Sophocles, Ajax

LCL 20: 148-149



ὦ πολλὰ λέξας ἄρτι κἀνόητ᾿ ἔπη, οὐ μνημονεύεις οὐκέτ᾿ οὐδέν, ἡνίκα ἑρκέων ποθ᾿ ὑμᾶς ἐντὸς ἐγκεκλῃμένους, 1275ἤδη τὸ μηδὲν ὄντας ἐν τροπῇ δορός, ἐρρύσατ᾿ ἐλθὼν μοῦνος, ἀμφὶ μὲν νεῶν ἄκροισιν ἤδη ναυτικοῖς θ᾿ ἑδωλίοις πυρὸς φλέγοντος, ἐς δὲ ναυτικὰ σκάφη πηδῶντος ἄρδην Ἕκτορος τάφρων ὕπερ; 1280τίς ταῦτ᾿ ἀπεῖρξεν; οὐχ ὅδ᾿ ἦν ὁ δρῶν τάδε, ὃν οὐδαμοῦ φής, οὗ σὺ μή, βῆναι ποδί; ἆρ᾿ ὑμὶν οὗτος ταῦτ᾿ ἔδρασεν ἔνδικα; χὤτ᾿ αὖθις αὐτὸς Ἕκτορος μόνος μόνου, λαχών τε κἀκέλευστος, ἦλθεν ἀντίος, 1285οὐ δραπέτην τὸν κλῆρον ἐς μέσον καθείς, ὑγρᾶς ἀρούρας βῶλον, ἀλλ᾿ ὃς εὐλόφου κυνῆς ἔμελλε πρῶτος ἅλμα κουφιεῖν; ὅδ᾿ ἦν ὁ πράσσων ταῦτα, σὺν δ᾿ ἐγὼ παρών, ὁ δοῦλος, οὑκ τῆς βαρβάρου μητρὸς γεγώς. 1290δύστηνε, ποῖ βλέπων ποτ᾿ αὐτὰ καὶ θροεῖς; οὐκ οἶσθα σοῦ πατρὸς μὲν ὃς προὔφυ πατὴρ τἀρχαῖον ὄντα Πέλοπα βάρβαρον Φρύγα; Ἀτρέα δ᾿, ὃς αὖ σ᾿ ἔσπειρε, δυσσεβέστατον προθέντ᾿ ἀδελφῷ δεῖπνον οἰκείων τέκνων; 1295αὐτὸς δὲ μητρὸς ἐξέφυς Κρήσσης, ἐφ᾿ ᾗ λαβὼν ἐπακτὸν ἄνδρ᾿ ὁ φιτύσας πατὴρ ἐφῆκεν ἀλλοῖς ἰχθύσιν διαφθοράν. τοιοῦτος ὢν τοιῷδ᾿ ὀνειδίζεις σποράν; ὃς ἐκ πατρὸς μέν εἰμι Τελαμῶνος γεγώς,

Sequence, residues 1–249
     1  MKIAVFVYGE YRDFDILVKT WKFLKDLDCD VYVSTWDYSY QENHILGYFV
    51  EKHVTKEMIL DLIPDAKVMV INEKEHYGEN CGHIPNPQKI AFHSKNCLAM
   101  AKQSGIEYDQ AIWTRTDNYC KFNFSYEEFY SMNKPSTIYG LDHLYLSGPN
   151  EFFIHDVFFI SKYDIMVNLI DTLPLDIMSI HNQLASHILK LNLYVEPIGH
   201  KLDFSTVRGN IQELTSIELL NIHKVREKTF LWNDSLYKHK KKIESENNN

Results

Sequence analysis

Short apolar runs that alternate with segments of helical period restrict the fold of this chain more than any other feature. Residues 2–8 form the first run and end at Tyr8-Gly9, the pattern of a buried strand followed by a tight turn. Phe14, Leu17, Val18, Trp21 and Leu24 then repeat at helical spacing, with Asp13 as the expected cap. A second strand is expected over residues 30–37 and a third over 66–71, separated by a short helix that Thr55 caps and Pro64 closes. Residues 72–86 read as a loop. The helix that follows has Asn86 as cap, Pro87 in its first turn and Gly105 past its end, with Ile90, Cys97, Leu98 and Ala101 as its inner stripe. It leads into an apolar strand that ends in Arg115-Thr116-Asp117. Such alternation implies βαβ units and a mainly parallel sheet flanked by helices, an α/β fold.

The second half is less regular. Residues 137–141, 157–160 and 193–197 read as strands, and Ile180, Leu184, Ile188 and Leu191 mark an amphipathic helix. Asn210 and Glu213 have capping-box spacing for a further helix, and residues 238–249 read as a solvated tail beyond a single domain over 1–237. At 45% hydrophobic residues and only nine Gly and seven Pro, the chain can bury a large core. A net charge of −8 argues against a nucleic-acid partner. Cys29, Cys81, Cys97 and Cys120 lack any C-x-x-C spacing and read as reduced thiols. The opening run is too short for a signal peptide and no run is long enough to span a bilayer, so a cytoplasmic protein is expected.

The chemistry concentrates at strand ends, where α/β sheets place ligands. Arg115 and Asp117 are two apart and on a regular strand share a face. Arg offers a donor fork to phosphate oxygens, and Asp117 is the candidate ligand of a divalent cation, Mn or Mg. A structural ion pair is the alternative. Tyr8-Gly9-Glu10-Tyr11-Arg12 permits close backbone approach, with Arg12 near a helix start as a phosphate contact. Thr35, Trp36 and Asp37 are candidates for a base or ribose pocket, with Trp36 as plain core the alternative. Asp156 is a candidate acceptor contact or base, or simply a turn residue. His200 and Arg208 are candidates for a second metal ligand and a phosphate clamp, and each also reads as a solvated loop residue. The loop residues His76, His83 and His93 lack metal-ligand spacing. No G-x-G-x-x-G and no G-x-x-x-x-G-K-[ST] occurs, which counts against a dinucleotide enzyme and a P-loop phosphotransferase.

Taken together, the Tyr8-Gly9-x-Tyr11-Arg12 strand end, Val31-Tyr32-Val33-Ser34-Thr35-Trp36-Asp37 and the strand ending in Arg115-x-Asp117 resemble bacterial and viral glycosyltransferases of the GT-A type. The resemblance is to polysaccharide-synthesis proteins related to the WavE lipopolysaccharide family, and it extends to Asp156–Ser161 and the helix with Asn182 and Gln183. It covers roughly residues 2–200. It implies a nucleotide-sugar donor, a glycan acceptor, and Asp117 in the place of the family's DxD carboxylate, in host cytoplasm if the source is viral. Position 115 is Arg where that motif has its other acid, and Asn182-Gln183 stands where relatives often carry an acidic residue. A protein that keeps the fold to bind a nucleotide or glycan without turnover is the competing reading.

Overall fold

• 1281οὗ σὺ μή, βῆναι J. Krauss: οὐδὲ συμβῆναι codd.
  • 1292τἀρχαῖον Ll.-J.: ἀρχαῖον codd.


now spoke so many foolish words, have you no memory of the time when you were shut up inside your fence, already reduced to nothing by the turn taken by the battle, and this man came alone and saved you, when fire was blazing about the decks of the ships at their sterns, and Hector was leaping high over the moat onto the hulls of the ships? Who put a stop to this? was it not he who did this deed, he who you said went nowhere where you did not go? Was this action of his criminal? And again when he came against Hector, man to man, by lot and without orders, having thrown in a token that was no runaway, no lump of wet earth, but one that was bound to leap first out of the crested helmet? a It was he that did this, and I was there with him, the slave, the child of the barbarian mother. Wretch, where are you looking when you speak these words? Do you not know that the father of your father, Pelops, was by origin a barbarous Phrygian? And that Atreus, your parent, set before his brother a most impious meal, the flesh of his children? And you yourself are the son of a Cretan mother, whom your father, finding a lover with her, sent to be destroyed by dumb fishes. Does such a man as you reproach with his origin such a

DOI: 10.4159/DLCL.sophocles-ajax.1994